“In 2020 we will introduce coding as a subject in the foundation phase. Teachers will be trained in the foundation phase to implement this computer-related programme.”

Jack believed that multi-purpose interactive learning laboratories would boost productivity and learning through virtual disciplines such as 3D-modeling, simulations, reality and interactive charts.

He added that the department would pay special attention to under-performing and chronic under-performing schools to increase the matric pass rate to 80 percent this year.

Independent schools would receive subsidies amounting to R10 million where 36 were registered in the Northern Cape.

“These schools ease the burden of overcrowding in some of our public schools.”

Jack stated that R174 million would be used for pupils with special needs.

“We have admitted 2 009 pupils in special schools and 476 pupils with special needs in mainstream schools.”

He said the department would provide adequate electricity to nine schools, adequate water to seven schools, while 14 schools will receive upgrades and additional sanitation.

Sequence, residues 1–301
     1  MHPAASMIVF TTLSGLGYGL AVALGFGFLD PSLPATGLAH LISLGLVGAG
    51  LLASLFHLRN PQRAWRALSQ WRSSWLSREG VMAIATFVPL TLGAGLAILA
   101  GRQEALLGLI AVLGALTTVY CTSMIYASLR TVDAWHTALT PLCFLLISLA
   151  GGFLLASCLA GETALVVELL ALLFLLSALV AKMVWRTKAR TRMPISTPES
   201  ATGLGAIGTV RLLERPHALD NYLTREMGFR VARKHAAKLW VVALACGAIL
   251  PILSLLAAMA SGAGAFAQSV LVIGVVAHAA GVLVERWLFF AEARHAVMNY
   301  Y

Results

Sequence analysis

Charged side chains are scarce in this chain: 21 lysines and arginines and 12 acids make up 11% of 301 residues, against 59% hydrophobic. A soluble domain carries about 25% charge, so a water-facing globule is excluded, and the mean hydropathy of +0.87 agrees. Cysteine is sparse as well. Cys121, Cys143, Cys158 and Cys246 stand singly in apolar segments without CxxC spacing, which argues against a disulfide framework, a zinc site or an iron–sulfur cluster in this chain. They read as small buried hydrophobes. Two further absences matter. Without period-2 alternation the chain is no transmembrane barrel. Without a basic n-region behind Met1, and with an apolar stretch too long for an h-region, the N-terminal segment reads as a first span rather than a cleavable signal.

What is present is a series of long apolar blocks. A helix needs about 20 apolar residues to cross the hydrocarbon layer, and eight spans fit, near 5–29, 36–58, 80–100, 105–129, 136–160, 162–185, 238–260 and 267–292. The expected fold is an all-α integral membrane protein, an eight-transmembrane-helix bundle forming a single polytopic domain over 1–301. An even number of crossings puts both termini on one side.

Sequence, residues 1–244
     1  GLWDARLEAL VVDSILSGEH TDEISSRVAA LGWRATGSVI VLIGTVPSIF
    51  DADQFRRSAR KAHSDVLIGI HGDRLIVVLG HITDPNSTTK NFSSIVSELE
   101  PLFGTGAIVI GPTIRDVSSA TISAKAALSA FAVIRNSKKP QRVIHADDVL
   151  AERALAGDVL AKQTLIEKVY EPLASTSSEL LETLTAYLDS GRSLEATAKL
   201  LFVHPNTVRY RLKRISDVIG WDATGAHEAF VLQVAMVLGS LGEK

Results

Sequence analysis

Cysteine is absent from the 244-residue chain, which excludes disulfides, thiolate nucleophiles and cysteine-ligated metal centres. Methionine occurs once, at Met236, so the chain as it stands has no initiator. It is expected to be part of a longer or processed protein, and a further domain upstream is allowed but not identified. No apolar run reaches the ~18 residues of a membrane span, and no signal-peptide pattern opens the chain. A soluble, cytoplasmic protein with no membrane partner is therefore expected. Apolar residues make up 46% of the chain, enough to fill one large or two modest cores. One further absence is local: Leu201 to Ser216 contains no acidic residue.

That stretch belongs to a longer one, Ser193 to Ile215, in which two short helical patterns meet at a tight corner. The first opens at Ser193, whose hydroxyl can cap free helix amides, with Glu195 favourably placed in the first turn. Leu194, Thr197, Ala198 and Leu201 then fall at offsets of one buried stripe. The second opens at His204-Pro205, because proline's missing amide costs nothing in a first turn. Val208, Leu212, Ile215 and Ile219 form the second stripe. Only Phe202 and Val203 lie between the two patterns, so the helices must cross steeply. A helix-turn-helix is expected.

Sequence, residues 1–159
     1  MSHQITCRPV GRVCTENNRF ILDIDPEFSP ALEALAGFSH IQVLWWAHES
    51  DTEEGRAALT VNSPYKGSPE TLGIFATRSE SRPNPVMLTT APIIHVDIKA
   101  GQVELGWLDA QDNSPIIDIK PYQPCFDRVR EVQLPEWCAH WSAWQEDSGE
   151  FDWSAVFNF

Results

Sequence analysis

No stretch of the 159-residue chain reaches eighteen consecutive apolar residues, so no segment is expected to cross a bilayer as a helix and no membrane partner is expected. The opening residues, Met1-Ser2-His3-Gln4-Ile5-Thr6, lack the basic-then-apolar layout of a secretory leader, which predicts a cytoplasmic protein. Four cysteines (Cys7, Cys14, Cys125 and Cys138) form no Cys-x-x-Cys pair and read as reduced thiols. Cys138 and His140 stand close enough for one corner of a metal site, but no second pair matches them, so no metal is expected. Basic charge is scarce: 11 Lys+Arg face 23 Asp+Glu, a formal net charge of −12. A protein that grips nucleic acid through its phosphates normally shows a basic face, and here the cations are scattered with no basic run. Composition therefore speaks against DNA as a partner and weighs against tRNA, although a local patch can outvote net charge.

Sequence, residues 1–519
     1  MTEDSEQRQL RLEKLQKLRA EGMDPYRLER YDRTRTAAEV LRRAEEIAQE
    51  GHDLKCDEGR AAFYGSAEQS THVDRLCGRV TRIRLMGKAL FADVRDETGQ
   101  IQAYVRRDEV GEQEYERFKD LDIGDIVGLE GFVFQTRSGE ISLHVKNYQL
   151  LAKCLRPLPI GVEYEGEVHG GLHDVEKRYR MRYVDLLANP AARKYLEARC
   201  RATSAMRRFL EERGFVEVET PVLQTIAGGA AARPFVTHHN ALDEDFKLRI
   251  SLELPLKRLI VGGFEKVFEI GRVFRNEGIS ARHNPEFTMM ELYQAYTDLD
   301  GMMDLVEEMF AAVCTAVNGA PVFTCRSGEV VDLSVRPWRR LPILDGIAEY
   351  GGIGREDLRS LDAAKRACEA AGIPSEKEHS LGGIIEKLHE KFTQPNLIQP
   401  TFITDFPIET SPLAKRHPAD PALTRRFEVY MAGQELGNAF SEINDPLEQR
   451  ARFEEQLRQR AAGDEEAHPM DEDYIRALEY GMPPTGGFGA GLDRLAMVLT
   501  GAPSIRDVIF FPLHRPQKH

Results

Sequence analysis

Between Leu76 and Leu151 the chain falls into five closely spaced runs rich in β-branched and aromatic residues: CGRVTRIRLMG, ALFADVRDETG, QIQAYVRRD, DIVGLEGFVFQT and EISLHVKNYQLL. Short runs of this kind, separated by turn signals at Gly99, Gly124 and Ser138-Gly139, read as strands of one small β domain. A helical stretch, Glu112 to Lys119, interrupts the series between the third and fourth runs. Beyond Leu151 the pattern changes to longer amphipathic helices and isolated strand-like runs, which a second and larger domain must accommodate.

“The department aims to complete an additional 75 classrooms and a total of six early childhood development facilities.”

Jack indicated that 20 percent of the funds allocated from the education infrastructure grant would be directed to the maintenance and repair of 36 schools in the Province.

He said the National Senior Certificate (NSC) examinations would commence on October 23 with English Paper 1 and conclude on November 28.

He added that the Minister of Basic Education, Angie Motshekga, would release the 2019 NSC results on January 7 while Provinces would release the results on January 8.